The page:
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03-14-2009, 04:45 AM
Money and the Turning of the Age

Charles Eisenstein

This article is fourth in a series, and draws on background covered in "Money: A New Beginning," Part 1 and 2, and "Money and the Crisis of Civilization."

As the economic meltdown proceeds to its next phase, we begin to see the unreality of much that we thought real. The verities of two generations become uncertain, and despite a lingering hope that a return to normalcy is just around the corner -- in "the third quarter of 2009" or "by the middle of 2010" -- the realization is dawning that normal isn't coming back.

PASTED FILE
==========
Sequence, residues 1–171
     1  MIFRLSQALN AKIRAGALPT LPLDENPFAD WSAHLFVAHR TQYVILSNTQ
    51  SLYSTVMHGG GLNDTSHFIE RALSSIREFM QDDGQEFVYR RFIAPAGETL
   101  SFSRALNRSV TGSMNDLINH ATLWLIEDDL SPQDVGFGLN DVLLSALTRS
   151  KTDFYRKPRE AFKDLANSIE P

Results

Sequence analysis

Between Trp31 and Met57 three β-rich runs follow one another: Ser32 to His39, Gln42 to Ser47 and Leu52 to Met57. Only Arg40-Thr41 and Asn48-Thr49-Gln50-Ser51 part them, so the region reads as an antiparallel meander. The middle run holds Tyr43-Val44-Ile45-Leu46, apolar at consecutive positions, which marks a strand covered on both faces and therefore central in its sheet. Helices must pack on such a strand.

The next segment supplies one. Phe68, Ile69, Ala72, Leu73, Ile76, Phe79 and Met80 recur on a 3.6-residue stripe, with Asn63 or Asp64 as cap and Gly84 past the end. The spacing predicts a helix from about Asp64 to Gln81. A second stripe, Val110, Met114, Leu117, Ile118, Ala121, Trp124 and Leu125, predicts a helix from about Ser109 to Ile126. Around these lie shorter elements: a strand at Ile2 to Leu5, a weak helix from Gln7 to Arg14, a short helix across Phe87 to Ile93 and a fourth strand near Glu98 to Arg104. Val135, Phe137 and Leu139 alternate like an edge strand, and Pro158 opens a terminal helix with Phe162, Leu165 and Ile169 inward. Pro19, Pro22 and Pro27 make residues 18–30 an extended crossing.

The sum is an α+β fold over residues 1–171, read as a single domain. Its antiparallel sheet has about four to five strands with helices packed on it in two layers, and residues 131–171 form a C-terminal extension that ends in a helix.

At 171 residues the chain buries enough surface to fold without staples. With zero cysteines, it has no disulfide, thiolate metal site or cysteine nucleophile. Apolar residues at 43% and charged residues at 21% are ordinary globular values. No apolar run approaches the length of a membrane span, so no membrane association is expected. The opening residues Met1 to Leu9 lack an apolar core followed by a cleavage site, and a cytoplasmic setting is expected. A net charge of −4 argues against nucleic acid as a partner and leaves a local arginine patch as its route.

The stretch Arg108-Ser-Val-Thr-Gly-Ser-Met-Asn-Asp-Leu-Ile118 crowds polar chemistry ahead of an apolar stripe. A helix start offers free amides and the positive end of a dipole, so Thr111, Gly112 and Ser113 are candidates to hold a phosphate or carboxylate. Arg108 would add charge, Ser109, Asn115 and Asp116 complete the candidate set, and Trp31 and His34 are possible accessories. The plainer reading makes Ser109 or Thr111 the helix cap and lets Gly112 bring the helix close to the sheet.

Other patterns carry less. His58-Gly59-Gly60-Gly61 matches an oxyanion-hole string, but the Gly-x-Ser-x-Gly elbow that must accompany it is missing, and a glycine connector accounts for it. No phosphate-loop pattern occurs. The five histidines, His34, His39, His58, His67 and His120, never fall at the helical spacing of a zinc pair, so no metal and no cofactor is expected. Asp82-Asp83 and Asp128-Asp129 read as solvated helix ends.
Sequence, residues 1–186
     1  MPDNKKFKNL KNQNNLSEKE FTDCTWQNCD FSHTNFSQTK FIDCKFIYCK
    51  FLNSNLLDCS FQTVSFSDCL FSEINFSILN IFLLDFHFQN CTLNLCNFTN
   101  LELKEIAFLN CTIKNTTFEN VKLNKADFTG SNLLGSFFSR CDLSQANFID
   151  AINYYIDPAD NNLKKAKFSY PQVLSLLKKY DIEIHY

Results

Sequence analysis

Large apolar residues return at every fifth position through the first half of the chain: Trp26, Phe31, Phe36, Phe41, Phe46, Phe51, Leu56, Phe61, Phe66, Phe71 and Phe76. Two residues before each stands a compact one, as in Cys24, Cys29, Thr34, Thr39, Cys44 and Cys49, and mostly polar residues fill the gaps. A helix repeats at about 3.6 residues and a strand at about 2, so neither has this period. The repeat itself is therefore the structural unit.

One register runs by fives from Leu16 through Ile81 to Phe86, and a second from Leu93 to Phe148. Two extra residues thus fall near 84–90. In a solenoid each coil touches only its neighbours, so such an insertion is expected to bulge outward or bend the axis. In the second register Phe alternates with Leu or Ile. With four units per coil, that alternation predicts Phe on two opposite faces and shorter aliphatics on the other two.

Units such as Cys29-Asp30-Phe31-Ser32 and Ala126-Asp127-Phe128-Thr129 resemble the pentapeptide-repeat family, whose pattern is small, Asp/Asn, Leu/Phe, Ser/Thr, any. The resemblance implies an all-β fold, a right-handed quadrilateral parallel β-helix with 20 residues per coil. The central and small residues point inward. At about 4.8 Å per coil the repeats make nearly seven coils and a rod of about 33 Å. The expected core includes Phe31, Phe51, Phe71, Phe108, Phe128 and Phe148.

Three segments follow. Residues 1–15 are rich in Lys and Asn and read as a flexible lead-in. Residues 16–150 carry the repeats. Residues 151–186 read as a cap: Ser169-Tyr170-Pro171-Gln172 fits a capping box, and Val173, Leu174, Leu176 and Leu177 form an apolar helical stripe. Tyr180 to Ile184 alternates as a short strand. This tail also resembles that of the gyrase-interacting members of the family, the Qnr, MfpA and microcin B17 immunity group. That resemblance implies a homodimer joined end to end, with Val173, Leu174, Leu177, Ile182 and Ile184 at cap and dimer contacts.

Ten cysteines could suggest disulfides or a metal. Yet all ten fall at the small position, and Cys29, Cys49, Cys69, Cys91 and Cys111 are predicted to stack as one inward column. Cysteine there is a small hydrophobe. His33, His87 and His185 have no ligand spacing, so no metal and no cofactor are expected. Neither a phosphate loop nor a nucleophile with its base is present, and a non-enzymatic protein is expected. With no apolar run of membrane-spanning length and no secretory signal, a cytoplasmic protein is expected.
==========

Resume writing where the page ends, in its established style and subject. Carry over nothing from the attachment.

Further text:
When faced with an abrupt shift in personal reality, whether the death of a loved one, or the Gestapo coming into town, human beings usually react first with denial. My first response when tragedy hits is usually, "I can't believe this is happening!" I was not surprised, then, that our nation's political and corporate leaders spent a long time denying that a crisis was underway. Consider some quotes from 2007: "The country's economic fundamentals are sound," said George W. Bush. "I don't see subprime mortgage market troubles imposing a serious problem. I think it's going to be largely contained," said Treasury Secretary Paulson. "A recession is unlikely." "We are experiencing a correction in the housing sector." "America is not in recession." "It is likely that housing prices won't recover until early 2009."

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